The Hower-Slote House was built in 1829 by James Slote on land formerly owned by John Hower. Built in the Federal style, it was the center of a working farm for more than 125 years. Reflecting a typical farmhouse of the times, the building occupies the site of Fort Freeland, a Revolutionary War defense. In 1779, Tories and Indians attacked the post, where frontier families had taken refuge. Pennsylvania troops were unable to repel the attack, and the fall of Fort Freeland prompted settlers to flee. The house is located north of McEwensville on land owned by the Warrior Run School District. The Hower-Slote property was officially listed on the National Register of Historic Places on August 22, 1979.
In 1979, the Warrior Run Fort Freeland Heritage Society entered into an agreement with the Warrior Run School District to restore and manage the Hower-Slote House and Farm. In 1980, the society entered into a management agreement with the Pennsylvania Historical and Museum Commission to manage and maintain the buildings and grounds of the Warrior Run Church.
Each year, hundreds of volunteers participate in the Annual Warrior Run-Fort Freeland Heritage Days recreating the past and interpreting the daily activities of the colonial-era pioneers who settled Central Pennsylvania. Held early in October, on the grounds of the Warrior Run High School including the Hower Slote House , expert and apprentice trades people demonstrate more than 80 skills of the 18th and 19th centuries, using authentic period tools to recreate traditional trades and pastimes. Heritage Days, has been recognized by the Pennsylvania Federation of Museums and Historical Organizations with their prestigious Award of Merit. National Geographic also has honored the event by selecting the festival for inclusion in its special edition "Geotourism Map Guide to Appalachia," as an event that sustains and enhances the geographical character of the area, the environment, culture, and heritage.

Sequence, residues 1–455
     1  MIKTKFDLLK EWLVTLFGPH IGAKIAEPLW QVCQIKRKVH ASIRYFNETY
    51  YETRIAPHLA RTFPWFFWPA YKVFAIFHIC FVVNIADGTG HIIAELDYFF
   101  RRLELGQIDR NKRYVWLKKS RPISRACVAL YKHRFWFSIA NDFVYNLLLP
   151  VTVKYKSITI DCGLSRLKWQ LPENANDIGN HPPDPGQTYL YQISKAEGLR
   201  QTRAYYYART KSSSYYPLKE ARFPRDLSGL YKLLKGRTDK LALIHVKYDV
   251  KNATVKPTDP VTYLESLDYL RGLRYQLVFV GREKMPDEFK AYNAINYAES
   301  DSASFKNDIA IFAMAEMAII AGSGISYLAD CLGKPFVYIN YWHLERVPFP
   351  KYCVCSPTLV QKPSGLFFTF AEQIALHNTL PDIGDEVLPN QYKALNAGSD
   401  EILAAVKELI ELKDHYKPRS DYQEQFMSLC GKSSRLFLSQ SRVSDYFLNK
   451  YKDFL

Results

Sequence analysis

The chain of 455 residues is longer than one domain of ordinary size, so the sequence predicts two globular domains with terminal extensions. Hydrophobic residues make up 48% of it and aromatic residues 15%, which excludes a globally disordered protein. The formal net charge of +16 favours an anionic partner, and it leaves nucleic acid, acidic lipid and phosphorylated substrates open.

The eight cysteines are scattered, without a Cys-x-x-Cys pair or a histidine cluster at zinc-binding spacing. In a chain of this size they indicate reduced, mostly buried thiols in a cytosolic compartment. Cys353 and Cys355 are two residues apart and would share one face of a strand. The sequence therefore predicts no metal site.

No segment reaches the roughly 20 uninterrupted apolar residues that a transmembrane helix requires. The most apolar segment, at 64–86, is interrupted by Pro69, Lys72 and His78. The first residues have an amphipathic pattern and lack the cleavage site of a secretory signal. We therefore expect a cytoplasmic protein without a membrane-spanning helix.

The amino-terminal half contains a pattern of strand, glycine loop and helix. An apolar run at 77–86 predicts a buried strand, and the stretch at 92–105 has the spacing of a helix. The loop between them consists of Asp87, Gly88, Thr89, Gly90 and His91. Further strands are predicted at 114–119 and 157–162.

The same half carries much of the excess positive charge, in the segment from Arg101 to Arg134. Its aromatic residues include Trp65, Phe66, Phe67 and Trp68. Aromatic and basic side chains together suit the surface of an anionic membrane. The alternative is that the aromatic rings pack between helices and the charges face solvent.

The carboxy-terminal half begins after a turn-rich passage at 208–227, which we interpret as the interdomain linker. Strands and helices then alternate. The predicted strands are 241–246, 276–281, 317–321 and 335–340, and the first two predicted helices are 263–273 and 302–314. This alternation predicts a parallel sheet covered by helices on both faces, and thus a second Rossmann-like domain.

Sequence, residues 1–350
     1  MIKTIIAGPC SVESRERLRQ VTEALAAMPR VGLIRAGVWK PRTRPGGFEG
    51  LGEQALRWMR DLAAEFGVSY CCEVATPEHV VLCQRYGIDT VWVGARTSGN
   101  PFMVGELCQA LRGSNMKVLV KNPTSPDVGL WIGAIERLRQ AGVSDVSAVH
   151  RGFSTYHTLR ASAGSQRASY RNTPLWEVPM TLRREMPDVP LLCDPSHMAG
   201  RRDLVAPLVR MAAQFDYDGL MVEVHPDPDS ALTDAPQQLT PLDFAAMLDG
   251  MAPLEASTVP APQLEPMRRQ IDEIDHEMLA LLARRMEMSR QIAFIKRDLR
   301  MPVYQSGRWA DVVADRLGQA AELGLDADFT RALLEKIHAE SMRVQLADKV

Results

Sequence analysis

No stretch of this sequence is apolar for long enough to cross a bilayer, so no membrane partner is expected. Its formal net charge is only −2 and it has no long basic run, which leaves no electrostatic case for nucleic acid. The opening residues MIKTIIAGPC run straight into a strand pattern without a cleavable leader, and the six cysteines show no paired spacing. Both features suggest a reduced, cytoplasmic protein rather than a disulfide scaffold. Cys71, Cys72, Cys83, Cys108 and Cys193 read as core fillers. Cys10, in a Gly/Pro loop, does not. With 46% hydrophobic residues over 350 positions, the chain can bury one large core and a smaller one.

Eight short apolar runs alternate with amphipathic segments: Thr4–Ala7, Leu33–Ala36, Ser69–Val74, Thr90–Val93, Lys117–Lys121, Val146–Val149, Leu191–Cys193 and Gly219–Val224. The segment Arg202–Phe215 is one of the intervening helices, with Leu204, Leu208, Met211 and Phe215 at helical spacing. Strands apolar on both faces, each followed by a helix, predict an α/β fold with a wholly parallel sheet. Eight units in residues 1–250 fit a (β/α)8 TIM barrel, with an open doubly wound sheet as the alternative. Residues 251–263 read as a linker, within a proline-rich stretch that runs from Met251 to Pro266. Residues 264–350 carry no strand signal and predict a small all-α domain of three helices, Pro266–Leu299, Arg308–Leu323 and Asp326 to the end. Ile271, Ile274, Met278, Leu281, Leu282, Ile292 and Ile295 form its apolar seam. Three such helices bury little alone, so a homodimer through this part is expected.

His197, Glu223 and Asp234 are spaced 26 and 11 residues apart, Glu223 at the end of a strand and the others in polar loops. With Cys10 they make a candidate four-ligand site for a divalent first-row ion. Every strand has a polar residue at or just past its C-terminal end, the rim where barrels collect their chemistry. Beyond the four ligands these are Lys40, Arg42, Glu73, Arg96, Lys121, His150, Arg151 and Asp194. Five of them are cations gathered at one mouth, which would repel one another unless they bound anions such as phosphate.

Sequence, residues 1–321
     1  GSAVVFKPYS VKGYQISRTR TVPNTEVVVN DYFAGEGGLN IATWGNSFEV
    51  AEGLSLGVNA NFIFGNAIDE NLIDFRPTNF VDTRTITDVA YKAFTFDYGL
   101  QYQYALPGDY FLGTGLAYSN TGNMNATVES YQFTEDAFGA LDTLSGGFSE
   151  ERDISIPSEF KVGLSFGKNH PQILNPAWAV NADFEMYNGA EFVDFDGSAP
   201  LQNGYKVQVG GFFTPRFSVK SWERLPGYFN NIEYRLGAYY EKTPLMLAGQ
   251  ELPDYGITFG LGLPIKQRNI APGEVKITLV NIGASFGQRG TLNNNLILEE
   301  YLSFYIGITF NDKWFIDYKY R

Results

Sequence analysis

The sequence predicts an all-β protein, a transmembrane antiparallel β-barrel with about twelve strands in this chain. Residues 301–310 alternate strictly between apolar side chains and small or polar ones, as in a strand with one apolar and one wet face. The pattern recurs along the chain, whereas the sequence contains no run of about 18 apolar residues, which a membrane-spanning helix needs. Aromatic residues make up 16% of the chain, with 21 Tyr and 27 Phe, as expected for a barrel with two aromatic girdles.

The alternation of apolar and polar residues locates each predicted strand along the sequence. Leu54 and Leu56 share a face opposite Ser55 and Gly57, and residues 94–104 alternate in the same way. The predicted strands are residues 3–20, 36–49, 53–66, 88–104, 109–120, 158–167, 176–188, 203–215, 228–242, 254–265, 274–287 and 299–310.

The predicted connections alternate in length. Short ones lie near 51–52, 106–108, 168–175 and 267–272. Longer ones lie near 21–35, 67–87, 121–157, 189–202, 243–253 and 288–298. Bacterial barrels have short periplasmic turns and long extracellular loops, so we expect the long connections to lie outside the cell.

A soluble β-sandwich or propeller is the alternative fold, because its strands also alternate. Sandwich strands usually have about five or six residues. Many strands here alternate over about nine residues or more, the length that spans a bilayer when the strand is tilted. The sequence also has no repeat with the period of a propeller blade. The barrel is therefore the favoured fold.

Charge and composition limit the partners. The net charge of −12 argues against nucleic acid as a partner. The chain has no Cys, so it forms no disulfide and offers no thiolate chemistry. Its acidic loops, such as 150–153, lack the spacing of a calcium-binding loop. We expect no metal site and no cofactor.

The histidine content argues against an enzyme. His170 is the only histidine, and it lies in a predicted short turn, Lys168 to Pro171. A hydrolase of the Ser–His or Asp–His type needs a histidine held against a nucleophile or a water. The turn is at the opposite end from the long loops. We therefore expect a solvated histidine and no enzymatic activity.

Members and friends of the society dress in authentic costumes of the period. Staged at the site of an historic military engagement, visitors may watch a re-enactment of the Battle of Fort Freeland as American Revolution patriots are challenged by the British and their allies.